One Saturday morning this past January on a trip to the West Bank with American-Jewish doctors, I spent several hours at a mobile clinic staffed by Israeli-Jewish doctors from Physicians for Human Rights, Israel, and Palestinian doctors from the Union of Palestinian Medical Relief Committees. In a West Bank village, Mas’ha, a modest house was turned into an improvised clinic, where doctors from our group provided medical care alongside their Israeli and Palestinian counterparts. A draconian system of “internal closure” (under which no one can leave a village or city without Israeli permission) and checkpoints has closed off all access to regular healthcare. Mobile clinics bring some minimal medical attention to the beleaguered population.
Eighty-two-year-old Pnina Failer, a former nurse, is a regular volunteer for the PHR/UPMRC Saturday clinics. She is the mother of Dror Failer, a 52-year-old saxophonist-composer married to the Swedish artist Gunilla Skold-Failer. The Failers’s installation in Stockholm, Snow White and the Madness of Truth, made international headlines last January when Israel’s ambassador to Sweden physically attacked the artwork, claiming that it glorified Palestinian suicide bombers.
She was born Pnina Naijdorf (“New Village”) in 1923 in Lodz, Poland. Among her earliest memories is a magazine to which her family subscribed, Literary News, which featured progressive writers. “I also read many books, including Forty Days of Mossadegh and Knut Hamsun’s writing. For a girl of 11, 12, 13, they made an impact. We also got a pamphlet called The Brown Book about the Fascist way of dealing with Jews and Communists in Italy. I still remember the pictures of people who were given oil, which makes you have diarrhea; they had to move their bowels without removing their trousers. And I learned about the Civil War in Spain. We were not Zionists. My father died when I was one and a half years old. We had a cousin in the United States, Albert Epstein, who was a Zionist. He tried to influence my mother to go to Palestine. My mother wasn’t enthusiastic. Her whole family was in Poland, and Palestine looked like some Asiatic country. But we went in September 1938. He promised her she can go back if she doesn’t like it, but of course we couldn’t go back.”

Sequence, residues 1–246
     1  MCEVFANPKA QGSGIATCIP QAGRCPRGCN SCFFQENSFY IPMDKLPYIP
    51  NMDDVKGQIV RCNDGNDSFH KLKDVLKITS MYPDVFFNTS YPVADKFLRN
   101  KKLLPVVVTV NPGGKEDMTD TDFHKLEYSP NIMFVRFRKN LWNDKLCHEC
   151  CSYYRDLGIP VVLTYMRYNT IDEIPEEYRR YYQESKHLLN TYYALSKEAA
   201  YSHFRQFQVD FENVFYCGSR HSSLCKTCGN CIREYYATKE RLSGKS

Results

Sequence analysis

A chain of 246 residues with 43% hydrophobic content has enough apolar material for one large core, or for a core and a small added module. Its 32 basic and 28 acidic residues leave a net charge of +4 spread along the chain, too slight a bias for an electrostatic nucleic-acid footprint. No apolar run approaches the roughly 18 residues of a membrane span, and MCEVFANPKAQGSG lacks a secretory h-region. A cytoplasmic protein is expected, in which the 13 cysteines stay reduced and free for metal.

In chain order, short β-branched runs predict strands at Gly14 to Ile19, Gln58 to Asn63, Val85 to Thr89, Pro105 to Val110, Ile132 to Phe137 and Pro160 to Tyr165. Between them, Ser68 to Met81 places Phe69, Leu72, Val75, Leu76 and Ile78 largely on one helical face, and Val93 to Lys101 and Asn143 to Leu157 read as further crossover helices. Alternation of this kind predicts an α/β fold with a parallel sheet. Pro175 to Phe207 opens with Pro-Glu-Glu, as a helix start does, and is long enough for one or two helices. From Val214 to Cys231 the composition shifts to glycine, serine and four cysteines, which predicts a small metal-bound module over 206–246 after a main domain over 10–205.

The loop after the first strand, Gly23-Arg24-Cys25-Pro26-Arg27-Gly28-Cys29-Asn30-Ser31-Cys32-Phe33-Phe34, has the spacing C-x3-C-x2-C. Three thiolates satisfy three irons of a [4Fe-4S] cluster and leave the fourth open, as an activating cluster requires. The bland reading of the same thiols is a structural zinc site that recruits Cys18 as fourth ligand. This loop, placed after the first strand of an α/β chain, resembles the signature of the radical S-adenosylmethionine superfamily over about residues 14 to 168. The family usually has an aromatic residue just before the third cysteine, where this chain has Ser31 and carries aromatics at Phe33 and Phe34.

The arrest of Pnina’s brother, David, clinched the decision to emigrate. “He was four years older than me and he was a member of the Communist Party, which was illegal. They would make small demonstrations in the street: Someone would get up and begin to speak and a small crowd would gather. They would disperse before the police came. On one occasion my brother [then a gymnasium student with no criminal record] was caught by the police. Someone came to our house and said, ‘You must clean everything because people are coming to search.’ My mother threw everything in a reservoir of water. They came at night–I pretended to be asleep–they looked [everywhere, even] under the mattress, and found nothing. But the lawyer my mother hired said he would still be sent four and a half years for re-education to a concentration camp called Bereza Kartuska unless he declares that he is a Zionist. If he’s a Zionist he can’t be a Communist, and they will let him go. He wanted to be a hero and not declare himself a Zionist, but my mother cried and implored. Finally he had a trial and said, ‘What do you want? I am going to an agricultural school in Israel called Mikvah Israel’ [now a boarding school in Holon, near Tel Aviv]. He went there to study agriculture but quite soon he became involved with the Communist movement, which was also illegal [under the British occupation.] He was in the Communist Party a long time, and then he joined the British Army as a driver because there was a war against fascism.”